Reconsider your events and travel plans
At Portland District Health, we are assessing all events on a case by case basis.
For events which go ahead, try to provide remote access options and ask people at additional risk of infection to attend remotely. All events should follow the same hygiene steps as listed above, and provide all necessary supplies to assist people doing so.
On domestic travel, we recommend that you limit travel unless it is necessary, including air travel or extended travel by bus or train. We suggest replacing client meetings with telephone or video conferencing where appropriate.
Reach out to communities at higher risk of infection
If you have friends or family who may be directly affected or considered at higher risk of COVID-19 such as the elderly or people with lower immunity, lung or heart conditions, make sure you check-in to see if they have all of their essentials.
It could be as simple as a short text, a phone call, or even dropping off a few essentials at their doorstep.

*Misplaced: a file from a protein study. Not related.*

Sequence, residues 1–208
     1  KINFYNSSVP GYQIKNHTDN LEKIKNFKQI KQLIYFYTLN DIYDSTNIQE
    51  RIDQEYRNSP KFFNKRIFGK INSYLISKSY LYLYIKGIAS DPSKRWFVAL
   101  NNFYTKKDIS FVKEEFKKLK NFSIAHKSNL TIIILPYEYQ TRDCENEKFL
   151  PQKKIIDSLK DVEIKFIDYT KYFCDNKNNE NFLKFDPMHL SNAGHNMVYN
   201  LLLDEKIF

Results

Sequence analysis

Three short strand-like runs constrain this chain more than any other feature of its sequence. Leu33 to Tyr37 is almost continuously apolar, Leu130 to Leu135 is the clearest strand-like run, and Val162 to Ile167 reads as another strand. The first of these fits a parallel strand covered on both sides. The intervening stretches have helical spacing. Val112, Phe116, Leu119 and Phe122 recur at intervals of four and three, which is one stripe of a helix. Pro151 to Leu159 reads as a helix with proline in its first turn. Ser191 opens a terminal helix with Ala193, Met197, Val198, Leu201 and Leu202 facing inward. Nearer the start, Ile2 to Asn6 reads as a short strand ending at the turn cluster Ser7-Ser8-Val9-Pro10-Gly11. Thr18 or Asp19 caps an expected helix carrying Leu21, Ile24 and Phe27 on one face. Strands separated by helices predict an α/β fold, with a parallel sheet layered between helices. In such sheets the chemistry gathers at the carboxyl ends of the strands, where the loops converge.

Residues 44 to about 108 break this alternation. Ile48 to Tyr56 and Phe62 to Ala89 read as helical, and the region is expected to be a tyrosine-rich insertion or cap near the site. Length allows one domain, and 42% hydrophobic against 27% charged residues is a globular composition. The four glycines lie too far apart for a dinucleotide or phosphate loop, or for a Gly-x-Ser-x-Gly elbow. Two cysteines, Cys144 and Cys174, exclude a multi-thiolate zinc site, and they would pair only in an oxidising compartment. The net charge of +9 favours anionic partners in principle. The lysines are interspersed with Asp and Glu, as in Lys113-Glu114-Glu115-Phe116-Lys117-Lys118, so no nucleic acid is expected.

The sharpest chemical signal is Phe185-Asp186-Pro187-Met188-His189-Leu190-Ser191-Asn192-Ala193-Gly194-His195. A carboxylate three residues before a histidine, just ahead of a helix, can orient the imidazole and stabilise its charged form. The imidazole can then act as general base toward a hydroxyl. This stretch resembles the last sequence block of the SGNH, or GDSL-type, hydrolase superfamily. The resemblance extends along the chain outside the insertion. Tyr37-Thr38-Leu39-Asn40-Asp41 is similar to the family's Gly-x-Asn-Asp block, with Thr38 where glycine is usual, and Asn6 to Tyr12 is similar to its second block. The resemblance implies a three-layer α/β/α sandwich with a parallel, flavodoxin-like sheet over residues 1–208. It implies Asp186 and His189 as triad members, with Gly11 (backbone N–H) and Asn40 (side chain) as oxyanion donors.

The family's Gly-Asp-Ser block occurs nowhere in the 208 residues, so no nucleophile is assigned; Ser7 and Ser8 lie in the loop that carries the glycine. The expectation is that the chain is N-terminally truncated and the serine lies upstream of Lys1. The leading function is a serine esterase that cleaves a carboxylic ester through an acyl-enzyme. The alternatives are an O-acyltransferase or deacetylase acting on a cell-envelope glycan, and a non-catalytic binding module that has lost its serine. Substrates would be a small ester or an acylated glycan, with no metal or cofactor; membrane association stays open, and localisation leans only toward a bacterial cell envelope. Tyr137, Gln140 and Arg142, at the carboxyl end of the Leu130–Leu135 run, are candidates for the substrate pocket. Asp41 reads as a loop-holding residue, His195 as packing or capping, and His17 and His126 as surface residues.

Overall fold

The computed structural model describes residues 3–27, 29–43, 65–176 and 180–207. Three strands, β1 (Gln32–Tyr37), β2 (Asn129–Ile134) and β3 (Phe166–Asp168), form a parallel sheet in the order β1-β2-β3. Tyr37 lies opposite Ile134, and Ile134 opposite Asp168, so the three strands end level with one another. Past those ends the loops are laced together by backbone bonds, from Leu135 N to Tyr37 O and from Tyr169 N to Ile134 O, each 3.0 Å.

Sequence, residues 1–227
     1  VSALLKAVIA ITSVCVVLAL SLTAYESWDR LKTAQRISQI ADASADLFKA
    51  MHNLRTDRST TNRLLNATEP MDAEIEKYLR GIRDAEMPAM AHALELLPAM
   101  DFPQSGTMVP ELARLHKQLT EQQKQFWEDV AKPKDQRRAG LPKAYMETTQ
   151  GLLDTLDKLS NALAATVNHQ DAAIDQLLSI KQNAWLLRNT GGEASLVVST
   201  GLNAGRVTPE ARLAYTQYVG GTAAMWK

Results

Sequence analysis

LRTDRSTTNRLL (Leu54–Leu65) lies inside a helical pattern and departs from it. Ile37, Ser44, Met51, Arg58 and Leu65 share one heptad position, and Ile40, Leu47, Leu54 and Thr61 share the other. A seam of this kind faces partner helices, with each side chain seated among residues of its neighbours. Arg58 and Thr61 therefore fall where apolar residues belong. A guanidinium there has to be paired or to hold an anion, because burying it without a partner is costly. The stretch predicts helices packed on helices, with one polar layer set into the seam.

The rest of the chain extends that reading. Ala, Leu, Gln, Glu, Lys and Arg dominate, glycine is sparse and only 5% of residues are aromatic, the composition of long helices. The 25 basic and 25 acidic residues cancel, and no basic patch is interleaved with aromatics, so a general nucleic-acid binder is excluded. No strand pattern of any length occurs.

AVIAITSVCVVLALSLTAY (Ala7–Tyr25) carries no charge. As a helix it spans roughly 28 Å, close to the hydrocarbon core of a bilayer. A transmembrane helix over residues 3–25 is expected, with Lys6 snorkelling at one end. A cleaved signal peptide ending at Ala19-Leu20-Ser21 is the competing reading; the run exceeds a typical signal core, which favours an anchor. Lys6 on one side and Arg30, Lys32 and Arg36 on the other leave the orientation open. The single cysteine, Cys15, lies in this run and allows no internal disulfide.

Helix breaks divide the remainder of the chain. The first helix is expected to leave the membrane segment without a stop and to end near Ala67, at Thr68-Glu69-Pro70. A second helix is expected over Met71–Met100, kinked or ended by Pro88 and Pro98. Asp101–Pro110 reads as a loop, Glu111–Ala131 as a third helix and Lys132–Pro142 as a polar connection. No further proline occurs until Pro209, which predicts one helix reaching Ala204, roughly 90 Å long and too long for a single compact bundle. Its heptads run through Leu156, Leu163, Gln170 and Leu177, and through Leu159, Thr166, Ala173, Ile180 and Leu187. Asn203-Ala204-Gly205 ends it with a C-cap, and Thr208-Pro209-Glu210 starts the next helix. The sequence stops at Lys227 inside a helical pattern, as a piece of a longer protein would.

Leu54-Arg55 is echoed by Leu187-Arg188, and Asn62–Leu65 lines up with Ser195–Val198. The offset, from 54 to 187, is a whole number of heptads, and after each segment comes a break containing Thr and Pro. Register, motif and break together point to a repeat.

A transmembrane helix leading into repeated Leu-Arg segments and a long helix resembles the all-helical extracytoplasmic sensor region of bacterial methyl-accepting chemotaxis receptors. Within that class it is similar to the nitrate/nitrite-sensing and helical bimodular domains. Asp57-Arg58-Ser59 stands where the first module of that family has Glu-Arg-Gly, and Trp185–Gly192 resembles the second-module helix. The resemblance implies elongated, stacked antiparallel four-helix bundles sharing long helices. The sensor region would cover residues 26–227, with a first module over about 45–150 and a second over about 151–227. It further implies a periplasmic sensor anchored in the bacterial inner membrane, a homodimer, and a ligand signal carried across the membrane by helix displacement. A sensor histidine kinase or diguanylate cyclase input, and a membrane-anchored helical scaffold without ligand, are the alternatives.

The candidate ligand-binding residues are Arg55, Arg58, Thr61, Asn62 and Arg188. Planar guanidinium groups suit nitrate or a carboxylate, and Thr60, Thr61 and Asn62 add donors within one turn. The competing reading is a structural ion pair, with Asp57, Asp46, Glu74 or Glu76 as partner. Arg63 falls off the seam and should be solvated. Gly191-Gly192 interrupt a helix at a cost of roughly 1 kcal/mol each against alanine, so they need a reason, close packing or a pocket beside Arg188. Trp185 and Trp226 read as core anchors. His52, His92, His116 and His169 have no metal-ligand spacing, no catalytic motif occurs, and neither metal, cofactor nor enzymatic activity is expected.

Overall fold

If you are at a higher risk of infection, create an action plan and ensure you have the necessary prescriptions from your doctor and adequate supply of in-date medication. The Lung Foundation has created a good resource on actions you can take.
If you are a disabled young person, the National Disability Insurance Agency has created Easy Read resources on what you can do.
How to provide information to children and young people (might need info on aging population also)
If you are a youth worker or work with children and young people directly, it is important that you inform them of what changes may be happening to your services.
Here are a few tips in providing information:
- Remain calm and reassuring. Be factual and keep calm about the situation and it will help calm others.